Directed by Andrei Zvyagintsev
Written by Oleg Negin
In cinema it seems to take quite a lot of pluck to position an elderly couple as main protagonists. Thus the central duo in Elena, a curio of a film directed by Andrei Zvyagintsev (The Return) is refreshingly senior – demure and wrinkled – providing an antithesis to much of modern cinema with its stubborn oblivion of the existence of life past the age of looks.
Elena pulls off this “feat” with minimal dialogue or plot embellishment – the unadorned story of a seemingly dominated housewife, Elena, a retired nurse married to an elderly oligarch-type former patient. Intriguingly, Elena is as far removed from the Russian gold-digger stereotype as can be – a devoted mother to a feckless son from a previous marriage and grandmother to an inane teenager without the grades needed to gain university admission and eschew military service. While at home with Vladimir Elena patiently and unprotestingly fulfills the role of the maid-turned-spouse, within her son’s family she is a matriarchal provider holding the penurious family of Sergei together. As it turns out, Elena is anything but submissive, exuding quiet but dogged dignity and Vladimir does not quite fit the oligarch stereotype. In fact, it is precisely the companionship of the dowdy, motherly Elena that is his redeeming characteristic, rendering him less antipathetic than can be expected – he does not seem to return the flirtatious gaze of a much younger, more nubile female client in his gym.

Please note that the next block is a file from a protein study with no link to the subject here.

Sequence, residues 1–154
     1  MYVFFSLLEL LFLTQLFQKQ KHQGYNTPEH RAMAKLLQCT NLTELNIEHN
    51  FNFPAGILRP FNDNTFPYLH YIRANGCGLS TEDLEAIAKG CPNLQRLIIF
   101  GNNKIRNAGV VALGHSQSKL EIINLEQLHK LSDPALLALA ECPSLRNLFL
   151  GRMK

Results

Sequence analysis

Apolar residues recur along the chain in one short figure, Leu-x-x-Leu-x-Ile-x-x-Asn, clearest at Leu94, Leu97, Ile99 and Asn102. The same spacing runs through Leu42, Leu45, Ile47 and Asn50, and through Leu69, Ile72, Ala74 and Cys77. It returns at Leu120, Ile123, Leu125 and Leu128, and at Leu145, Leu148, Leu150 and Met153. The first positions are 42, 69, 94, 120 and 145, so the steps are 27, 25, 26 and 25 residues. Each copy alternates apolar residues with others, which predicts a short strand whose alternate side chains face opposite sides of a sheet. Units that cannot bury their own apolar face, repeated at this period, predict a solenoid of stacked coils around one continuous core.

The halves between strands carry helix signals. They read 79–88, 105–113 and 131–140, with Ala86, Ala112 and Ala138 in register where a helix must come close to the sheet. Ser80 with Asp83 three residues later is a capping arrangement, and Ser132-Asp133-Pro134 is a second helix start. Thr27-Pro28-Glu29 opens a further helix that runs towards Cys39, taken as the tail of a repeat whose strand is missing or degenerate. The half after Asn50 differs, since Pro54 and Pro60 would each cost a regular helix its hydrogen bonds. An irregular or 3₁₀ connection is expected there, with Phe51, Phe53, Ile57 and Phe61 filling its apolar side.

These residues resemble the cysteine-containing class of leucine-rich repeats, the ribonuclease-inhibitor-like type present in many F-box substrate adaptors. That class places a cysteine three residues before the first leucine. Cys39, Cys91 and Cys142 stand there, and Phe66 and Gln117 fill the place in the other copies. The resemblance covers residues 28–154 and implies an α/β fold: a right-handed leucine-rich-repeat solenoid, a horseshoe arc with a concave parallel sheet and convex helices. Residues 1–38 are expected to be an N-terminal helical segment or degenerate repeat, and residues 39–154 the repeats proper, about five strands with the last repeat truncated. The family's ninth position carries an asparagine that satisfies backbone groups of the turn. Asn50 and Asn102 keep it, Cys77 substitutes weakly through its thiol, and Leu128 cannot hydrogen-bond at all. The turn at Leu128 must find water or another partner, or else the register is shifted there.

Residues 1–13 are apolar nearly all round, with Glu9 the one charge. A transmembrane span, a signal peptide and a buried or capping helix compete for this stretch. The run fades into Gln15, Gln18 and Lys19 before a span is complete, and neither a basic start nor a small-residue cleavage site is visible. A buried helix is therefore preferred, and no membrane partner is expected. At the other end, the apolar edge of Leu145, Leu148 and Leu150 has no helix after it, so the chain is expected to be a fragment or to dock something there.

Despite Elena’s humility and pride, however, there are mild insinuations of her having married Vladimir as a means of financial salvation for her blood family, and this is the pivotal plot device. Will the subservient wife from a lower socio-economic class remain loyal to her ‘master’-husband, or will she take the plunge of making the political personal by helping herself to some of her husband’s wealth?
The defining characteristic of Zvyagintsev’s film is that all of these conflicts are understated, sketched rather than enunciated. With scant dialogue, a lot of the tension is conveyed instead through the glaring juxtaposition between the social classes – the contrast between Vladimir’s theatrically posh apartment in an upscale neighbourhood and the dingy industrial suburb where Sergei lives is exacerbated by the lengthy journey Elena frequently undertakes between these two worlds.
The central strength of Elena lies in its unnerving ambiguity: we are never quite sure what to make of the characters – only when her husband is taken ill does the otherwise secular Elena venture into a church to ask for his recovery. The tentatively established good-bad character dynamic is skilfully undermined towards the end of the film, when the hitherto tight narrative with virtually no extraneous branching lurches into a jarring digression thrown in to destabilise expectations and imply that things may not be exactly what they seem on the surface. With Sergei’s expanding brood taking over the bourgeois apartment after Vladimir’s death, one cannot help wondering whether Elena really was after the money all the time. It seems that grey is the shade en vogue, while black and white are tenuous concepts in the morally ambiguous terrain of the Russia of the nouveau riche.
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